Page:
Zim Woman at the head of the solar installation in the DRC
By Christie R. House
PRIOR to the installation of solar panels at the Kamisamba farm in the Democratic Republic of the Congo, the property had no energy source.
The power lines did not leave the town of Kamina, just over four kilometers away. Even in Kamina, especially during the rainy season, locals can go without electricity for a month or more.
Although the farm has a source of water from wells dug a few years ago, without electricity there was no way to pump the water where it was needed.
“The solar project has come at a crucial time,” said Lorraine Charinda in an interview.
Charinda is a missionary from Zimbabwe assigned to Kamisamba farm as a farmer and rural economic development specialist.
She attended the University of Africa for her BSc in Agriculture and Natural Resources and the University of Namibia for her MSc in Agricultural Economics.
She arrived in Kamisamba in 2018, expecting to take over a fully operational farm. Upon arrival, she discovered a couple of workers, dilapidated buildings, four pigs, and half an acre of vegetables grown on the 500-acre farm. Three years later, the farm is fully functional.
The solar power system and accompanying water pipes and pumps were created through a combination of grants from Global Ministries’ Environmental Sustainability Program and UMCOR.
“Before you installed the solar panels, the batteries, the inverters and the water system, people used the bucket system – you go to the well with a bucket,” Charinda said.
Invest in environmental sustainability
At the recent board meeting, Roland Fernandes, Secretary General of World Ministries and UMCOR, announced a major grant and new direction for the agency’s environmental sustainability program. “Climate and environmental issues affect food security, livelihoods, housing and health,” he said. “Environmental sustainability is an issue of growing global importance.”
Fernandes confirmed Global Ministries’ growing commitment to reducing emissions and exploring ways to deliver renewable energy to places like North Katanga.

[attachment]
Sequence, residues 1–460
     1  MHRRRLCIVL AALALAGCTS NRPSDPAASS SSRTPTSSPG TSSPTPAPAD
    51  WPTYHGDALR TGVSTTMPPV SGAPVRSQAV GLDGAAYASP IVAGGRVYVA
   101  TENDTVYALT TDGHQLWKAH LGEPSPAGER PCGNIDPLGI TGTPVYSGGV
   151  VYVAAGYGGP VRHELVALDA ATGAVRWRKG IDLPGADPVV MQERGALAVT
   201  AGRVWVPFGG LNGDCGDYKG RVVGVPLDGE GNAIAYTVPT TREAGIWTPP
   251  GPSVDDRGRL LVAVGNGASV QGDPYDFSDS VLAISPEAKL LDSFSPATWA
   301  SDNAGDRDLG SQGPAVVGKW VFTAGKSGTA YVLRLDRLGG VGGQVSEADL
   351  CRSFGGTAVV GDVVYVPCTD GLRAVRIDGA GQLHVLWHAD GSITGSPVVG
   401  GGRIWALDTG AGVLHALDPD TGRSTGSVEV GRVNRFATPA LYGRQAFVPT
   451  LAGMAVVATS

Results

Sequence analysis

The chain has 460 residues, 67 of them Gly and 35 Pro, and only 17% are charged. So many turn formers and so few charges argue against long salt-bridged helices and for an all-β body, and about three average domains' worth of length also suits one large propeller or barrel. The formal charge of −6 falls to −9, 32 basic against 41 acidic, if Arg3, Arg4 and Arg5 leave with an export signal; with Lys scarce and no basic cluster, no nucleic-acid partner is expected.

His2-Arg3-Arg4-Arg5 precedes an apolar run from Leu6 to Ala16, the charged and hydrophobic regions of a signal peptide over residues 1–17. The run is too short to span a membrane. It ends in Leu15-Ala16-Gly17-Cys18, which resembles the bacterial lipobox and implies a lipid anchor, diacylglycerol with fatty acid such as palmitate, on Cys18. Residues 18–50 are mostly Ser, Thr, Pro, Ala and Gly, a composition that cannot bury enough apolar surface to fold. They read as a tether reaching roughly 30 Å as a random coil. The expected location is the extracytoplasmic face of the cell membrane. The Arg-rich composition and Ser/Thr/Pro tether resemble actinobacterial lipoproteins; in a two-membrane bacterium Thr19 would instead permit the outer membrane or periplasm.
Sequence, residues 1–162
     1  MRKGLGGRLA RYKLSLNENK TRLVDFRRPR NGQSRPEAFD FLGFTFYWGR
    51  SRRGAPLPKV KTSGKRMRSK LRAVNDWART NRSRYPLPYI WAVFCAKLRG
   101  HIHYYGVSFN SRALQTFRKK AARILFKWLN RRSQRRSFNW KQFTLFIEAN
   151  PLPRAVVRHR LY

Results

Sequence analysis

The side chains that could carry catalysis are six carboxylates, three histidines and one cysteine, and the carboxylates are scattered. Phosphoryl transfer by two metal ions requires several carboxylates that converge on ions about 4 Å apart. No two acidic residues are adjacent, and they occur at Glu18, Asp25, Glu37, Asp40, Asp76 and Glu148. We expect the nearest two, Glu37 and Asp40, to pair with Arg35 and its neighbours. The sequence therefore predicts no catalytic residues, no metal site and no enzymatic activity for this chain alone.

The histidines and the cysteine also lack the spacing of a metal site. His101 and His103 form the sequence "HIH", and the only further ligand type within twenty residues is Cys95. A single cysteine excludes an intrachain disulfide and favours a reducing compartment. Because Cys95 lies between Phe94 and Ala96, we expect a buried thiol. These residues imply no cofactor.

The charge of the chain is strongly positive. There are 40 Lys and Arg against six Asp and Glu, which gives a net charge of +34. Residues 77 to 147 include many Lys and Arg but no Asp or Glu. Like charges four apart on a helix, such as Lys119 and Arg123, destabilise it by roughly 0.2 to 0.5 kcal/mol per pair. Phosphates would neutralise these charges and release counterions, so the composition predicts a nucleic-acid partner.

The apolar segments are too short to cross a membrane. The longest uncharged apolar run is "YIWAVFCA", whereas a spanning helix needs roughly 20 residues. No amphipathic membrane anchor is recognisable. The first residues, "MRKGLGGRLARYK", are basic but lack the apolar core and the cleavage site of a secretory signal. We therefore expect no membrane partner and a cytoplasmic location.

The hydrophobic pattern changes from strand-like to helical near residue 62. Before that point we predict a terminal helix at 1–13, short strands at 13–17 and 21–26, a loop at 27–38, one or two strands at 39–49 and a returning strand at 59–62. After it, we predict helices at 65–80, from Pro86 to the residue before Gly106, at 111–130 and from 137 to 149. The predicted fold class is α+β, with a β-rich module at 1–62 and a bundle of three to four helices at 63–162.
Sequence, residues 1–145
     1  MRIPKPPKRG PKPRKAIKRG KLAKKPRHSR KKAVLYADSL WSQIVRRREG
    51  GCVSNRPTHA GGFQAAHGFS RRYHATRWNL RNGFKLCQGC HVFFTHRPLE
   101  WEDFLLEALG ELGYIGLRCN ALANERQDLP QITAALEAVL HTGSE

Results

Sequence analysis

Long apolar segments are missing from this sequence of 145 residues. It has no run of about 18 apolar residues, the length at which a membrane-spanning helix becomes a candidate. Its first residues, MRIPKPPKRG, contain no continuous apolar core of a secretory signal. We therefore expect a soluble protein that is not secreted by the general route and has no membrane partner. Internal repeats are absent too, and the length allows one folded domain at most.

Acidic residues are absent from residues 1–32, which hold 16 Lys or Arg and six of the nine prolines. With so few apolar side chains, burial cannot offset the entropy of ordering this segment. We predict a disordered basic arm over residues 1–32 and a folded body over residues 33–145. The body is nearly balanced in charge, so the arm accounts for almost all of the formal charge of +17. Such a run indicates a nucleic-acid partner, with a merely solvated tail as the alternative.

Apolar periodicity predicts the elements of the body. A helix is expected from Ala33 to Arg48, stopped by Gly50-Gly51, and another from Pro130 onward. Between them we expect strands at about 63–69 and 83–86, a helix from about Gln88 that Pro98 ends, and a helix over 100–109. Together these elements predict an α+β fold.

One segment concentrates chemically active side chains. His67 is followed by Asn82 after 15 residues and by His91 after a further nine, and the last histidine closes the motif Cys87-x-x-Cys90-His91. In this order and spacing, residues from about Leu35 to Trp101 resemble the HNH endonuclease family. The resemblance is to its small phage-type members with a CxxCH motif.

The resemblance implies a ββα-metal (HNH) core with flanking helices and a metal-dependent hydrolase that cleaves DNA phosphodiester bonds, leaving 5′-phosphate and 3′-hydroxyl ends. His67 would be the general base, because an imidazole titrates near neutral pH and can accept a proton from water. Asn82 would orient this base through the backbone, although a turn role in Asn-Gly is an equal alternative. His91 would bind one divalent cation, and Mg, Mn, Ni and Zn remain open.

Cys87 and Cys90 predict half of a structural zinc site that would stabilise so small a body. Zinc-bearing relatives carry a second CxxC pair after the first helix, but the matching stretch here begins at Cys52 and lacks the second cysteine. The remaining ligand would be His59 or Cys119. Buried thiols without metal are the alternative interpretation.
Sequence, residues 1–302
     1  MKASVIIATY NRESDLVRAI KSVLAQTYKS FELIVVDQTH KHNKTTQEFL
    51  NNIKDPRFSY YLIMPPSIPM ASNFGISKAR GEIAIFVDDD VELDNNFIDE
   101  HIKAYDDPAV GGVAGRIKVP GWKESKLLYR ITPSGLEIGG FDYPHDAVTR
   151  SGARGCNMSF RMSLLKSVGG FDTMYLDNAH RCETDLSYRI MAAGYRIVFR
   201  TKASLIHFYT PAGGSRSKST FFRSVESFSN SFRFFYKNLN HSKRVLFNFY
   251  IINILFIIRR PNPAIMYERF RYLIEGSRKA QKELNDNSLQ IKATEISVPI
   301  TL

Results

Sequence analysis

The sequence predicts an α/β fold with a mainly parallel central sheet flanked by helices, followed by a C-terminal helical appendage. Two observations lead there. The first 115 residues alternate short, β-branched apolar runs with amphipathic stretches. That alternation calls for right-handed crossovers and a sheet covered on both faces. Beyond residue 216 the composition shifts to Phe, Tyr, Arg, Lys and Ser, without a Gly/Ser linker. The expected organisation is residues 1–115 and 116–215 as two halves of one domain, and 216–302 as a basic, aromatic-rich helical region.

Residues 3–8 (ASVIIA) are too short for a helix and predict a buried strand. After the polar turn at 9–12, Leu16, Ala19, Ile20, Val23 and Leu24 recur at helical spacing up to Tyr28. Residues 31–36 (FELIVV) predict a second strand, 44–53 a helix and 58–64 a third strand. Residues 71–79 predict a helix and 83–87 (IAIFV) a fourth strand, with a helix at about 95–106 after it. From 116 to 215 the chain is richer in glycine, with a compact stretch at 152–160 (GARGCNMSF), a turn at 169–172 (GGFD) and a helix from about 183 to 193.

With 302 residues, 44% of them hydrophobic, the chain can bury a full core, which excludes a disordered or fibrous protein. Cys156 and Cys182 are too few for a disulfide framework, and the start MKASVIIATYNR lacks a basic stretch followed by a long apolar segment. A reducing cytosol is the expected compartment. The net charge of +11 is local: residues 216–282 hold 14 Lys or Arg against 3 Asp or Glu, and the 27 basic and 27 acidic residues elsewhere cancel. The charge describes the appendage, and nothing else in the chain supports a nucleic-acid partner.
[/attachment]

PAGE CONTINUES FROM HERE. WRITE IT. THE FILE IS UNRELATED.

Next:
Engaging with United Methodist regional conferences and other partners using a community development model provides opportunities for more people to have access to energy that is safe, renewable and ultimately cheaper than fossil fuels.
Agriculture and environment
One of the main facilities at Kamisamba Farm is an education center, which includes dormitories for up to 40 people. Participants come to scheduled training programs for a few days or months.
Without electricity or running water, it was difficult to accommodate those who came. A trainer from the Kamisamba farm in Kamina leads a session on crop production at the Kamisamba training center.
Charinda had the training center operational before starting agricultural production. People needed help right away, and it is his vocation to teach better and more effective ways of supporting families.
In Haut-Lomami, the province that includes Kamina and most of the North Katanga region, 80% of the population lives below the poverty line. Agriculture is the main source of income and 90% of the population uses traditional subsistence agriculture to survive. Most cannot produce enough to feed their families, pay for basic education for their children or pay for medical care. Many people survive on just one meal a day.